Velikiy Novgorod – May 10
I slept until noon, and could have easily gone on for a couple of hours more, if it wasn’t for Roodzji (the red cat) who exhorted me to get up by purring loudly into my ear and playfully biting my finger. After a small brunch that Margo and Sacha had made, we introduced them to some Brecht&Jules style coffee, which they surprisingly seemed to like.
Last night Sasha hadn’t been sleeping for over 24 hours, so he looked a bit grumpy. But this morning we caught him actually smiling occasionally. (Russians occasionally smiling are actually euphoric.) He told us that Avtostop wouldn’t work in Russia, that he tried it himself once and he had been standing by the side of the road for several hours before he finally decided to take the bus. He told us that if we were up for a real adventure, we should come back to Russia this summer and join them on their yearly hiking trip in the Mountains to the North.
Sasha had to leave for work so we were alone with Margarita again. I was a bit afraid that it would be hard to communicate, because she had let other people translate most of what we were saying up until this point. But it turned out that, now that there was no-one to help her, she had almost no trouble expressing herself and we had some interesting conversations during the private tour she took us on. Margo turned out to be a very open minded girl. We walked past some places she had designed, had a quick walk trough the historic center of Velikiy Novgorod, and finally we took the bus to Vitoslavlitsy. The bus ride there was interesting because we drove trough the swampy suburbs of the city. Most of the decayed wooded houses still showed the remains of beautiful detailed decorations, indicating that this must have been a wealthy district long ago. We drove past a large rickety graveyard before the bus stopped at Vitoslavlitsy; a wonderful open air museum where they had rebuilt the original houses and churches of Novgorod throughout the ages. We could go in the houses and see how people lived in Russia, over 500 years ago. It was thanks to Margarita that we had the opportunity to see this park, that any other European tourist would have missed without doubt.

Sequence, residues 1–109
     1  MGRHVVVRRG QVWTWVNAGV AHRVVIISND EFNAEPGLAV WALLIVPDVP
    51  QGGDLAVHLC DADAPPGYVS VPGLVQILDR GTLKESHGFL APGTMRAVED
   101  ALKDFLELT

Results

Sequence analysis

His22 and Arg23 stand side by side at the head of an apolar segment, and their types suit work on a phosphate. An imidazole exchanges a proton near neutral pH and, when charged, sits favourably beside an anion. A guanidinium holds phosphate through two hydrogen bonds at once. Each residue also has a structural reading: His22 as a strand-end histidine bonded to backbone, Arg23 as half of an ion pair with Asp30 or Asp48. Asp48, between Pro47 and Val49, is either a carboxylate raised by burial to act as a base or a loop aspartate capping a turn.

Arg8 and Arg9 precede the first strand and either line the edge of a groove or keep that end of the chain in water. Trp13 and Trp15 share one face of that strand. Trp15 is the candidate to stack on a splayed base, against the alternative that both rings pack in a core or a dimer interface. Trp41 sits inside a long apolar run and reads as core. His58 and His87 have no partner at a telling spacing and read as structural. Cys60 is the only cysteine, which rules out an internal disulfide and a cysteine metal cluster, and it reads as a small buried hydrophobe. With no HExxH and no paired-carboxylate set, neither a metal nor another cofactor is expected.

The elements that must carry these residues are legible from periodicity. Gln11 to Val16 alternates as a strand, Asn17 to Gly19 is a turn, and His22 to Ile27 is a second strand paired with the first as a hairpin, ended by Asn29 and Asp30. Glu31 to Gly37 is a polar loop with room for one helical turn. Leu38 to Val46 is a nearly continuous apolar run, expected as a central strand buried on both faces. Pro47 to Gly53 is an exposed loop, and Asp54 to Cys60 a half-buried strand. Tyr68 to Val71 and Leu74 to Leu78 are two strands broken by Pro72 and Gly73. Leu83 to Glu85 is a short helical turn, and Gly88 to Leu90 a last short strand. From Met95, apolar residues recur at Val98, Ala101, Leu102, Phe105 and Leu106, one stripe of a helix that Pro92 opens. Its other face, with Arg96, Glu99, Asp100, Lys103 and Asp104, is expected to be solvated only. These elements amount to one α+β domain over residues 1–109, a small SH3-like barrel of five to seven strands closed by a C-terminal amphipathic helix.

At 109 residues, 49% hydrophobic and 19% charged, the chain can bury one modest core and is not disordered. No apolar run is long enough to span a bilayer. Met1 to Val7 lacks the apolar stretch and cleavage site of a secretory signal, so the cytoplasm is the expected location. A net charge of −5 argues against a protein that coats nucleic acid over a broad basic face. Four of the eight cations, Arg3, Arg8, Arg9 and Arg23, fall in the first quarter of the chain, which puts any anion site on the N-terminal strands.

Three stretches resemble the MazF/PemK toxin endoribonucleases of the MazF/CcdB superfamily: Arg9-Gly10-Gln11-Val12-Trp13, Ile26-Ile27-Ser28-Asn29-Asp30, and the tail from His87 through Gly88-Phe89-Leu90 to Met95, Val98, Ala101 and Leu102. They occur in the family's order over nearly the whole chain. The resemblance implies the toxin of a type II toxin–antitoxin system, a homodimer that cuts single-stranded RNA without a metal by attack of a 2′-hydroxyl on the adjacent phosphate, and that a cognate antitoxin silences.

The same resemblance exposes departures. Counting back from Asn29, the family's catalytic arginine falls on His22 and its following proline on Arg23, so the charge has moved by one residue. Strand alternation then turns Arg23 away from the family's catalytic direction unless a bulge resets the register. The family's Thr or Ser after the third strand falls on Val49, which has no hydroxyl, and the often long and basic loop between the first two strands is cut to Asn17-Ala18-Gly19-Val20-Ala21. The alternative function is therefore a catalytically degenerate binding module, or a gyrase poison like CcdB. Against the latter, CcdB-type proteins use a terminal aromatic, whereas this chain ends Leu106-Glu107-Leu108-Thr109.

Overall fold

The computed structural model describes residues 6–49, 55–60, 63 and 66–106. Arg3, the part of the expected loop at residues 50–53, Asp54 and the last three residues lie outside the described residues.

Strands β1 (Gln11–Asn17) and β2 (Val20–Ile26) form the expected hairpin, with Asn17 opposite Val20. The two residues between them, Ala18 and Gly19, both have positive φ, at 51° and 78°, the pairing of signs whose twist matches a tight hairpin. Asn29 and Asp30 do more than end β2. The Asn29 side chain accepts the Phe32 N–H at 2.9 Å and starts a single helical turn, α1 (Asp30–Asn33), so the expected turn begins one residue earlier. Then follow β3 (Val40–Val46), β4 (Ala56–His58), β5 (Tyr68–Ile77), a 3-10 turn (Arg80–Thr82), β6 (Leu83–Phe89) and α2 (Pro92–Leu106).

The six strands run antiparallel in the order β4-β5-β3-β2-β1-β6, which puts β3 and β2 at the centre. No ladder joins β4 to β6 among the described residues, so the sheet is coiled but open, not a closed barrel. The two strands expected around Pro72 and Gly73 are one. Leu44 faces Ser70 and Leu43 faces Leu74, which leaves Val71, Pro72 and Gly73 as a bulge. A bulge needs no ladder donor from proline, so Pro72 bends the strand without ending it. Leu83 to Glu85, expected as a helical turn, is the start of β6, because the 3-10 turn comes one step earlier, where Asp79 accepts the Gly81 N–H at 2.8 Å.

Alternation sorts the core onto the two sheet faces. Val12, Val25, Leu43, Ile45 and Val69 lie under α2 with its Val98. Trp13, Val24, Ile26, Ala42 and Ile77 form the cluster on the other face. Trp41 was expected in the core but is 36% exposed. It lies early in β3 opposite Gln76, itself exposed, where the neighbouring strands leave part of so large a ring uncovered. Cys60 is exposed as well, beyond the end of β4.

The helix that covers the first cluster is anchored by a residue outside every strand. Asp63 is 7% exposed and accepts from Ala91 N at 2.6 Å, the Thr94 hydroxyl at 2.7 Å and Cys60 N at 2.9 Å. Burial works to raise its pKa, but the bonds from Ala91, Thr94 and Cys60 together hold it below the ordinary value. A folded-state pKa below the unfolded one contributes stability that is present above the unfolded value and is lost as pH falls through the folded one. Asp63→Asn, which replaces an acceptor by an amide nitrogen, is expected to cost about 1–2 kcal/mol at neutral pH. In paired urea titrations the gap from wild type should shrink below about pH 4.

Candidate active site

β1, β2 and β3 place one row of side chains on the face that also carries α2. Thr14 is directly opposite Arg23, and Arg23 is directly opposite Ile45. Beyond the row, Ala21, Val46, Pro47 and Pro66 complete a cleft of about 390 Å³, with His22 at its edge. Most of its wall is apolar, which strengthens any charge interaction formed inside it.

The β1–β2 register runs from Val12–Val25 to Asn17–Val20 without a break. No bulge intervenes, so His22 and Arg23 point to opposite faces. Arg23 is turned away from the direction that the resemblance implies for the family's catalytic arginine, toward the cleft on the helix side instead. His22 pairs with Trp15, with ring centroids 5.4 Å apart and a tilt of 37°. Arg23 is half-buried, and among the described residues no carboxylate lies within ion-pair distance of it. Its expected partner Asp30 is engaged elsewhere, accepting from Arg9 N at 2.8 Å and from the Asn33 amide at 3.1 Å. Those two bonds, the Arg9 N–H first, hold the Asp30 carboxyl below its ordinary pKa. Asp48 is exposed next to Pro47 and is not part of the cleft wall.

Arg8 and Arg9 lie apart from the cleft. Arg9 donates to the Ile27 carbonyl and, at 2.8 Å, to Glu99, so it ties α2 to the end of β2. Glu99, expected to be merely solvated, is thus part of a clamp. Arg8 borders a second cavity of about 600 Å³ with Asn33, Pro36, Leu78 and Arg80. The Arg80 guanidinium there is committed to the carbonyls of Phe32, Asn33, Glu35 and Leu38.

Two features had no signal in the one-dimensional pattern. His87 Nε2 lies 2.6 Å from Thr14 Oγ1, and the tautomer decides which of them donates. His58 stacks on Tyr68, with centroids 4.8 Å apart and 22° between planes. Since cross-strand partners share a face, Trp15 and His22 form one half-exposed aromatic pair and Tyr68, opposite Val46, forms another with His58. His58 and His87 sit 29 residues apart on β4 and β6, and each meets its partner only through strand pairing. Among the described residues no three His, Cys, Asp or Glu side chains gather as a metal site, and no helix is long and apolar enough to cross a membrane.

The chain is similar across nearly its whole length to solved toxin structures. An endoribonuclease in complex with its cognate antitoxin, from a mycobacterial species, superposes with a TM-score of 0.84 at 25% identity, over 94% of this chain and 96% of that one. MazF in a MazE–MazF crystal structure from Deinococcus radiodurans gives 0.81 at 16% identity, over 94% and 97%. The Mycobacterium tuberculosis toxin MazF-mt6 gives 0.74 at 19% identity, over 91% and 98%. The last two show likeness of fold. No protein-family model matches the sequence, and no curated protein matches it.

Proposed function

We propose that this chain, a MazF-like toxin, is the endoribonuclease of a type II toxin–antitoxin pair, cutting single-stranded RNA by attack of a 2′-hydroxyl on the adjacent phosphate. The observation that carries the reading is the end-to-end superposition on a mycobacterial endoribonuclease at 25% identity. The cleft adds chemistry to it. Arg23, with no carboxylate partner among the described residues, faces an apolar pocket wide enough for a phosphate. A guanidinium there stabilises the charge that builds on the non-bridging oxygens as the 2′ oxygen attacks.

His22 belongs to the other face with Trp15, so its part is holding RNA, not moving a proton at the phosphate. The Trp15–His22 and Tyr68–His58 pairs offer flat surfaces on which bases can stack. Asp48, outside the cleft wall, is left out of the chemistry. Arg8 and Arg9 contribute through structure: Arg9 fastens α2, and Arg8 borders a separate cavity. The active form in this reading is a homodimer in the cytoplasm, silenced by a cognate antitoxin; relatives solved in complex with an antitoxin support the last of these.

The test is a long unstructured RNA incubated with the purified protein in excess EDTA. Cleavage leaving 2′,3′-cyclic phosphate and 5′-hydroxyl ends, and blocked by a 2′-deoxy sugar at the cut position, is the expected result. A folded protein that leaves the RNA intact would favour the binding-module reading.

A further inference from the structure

When we got back, Brecht and me proposed to treat Sacha and Margo for dinner. Lena and Tanja, two of their friends, also joined us and we visited an Italian restaurant with some very delicious pizza’s.
On our way back, we indicated that we wanted to go to bed, so we wouldn’t have to try and hitchhike trough another hangover day. Margo, Lena and Tanja decided to go for a walk and Sasha joined us on the way home. “Now, let’s get drunk!” he said. We told him we were serious about going to bed early, but he didn’t want to hear about that. He knew a Russian trick to not get a hangover: after being completely wasted and right before you go to bed we should eat 8 pieces of charcoal and drink half a liter of water each. He claimed the charcoal would clean the body from all toxins while you are asleep. We weren’t really fond of that idea, and after some more arguing and acting like we were two pussies, Sasha finally gave in.
Back home, he talked some more about their hiking adventures and he again expressed his hope that I would join them next year. He explained we should go in the end of July if we wanted to see the midnight sun, that he would take care of all the necessary equipment and that we would need to make fire regularly to keep bears away. He also claimed the cheapest way to travel from Velikiy Novgorod to the mountains was with a company that flew exclusively with old sovjet planes. I told him I’d think about it.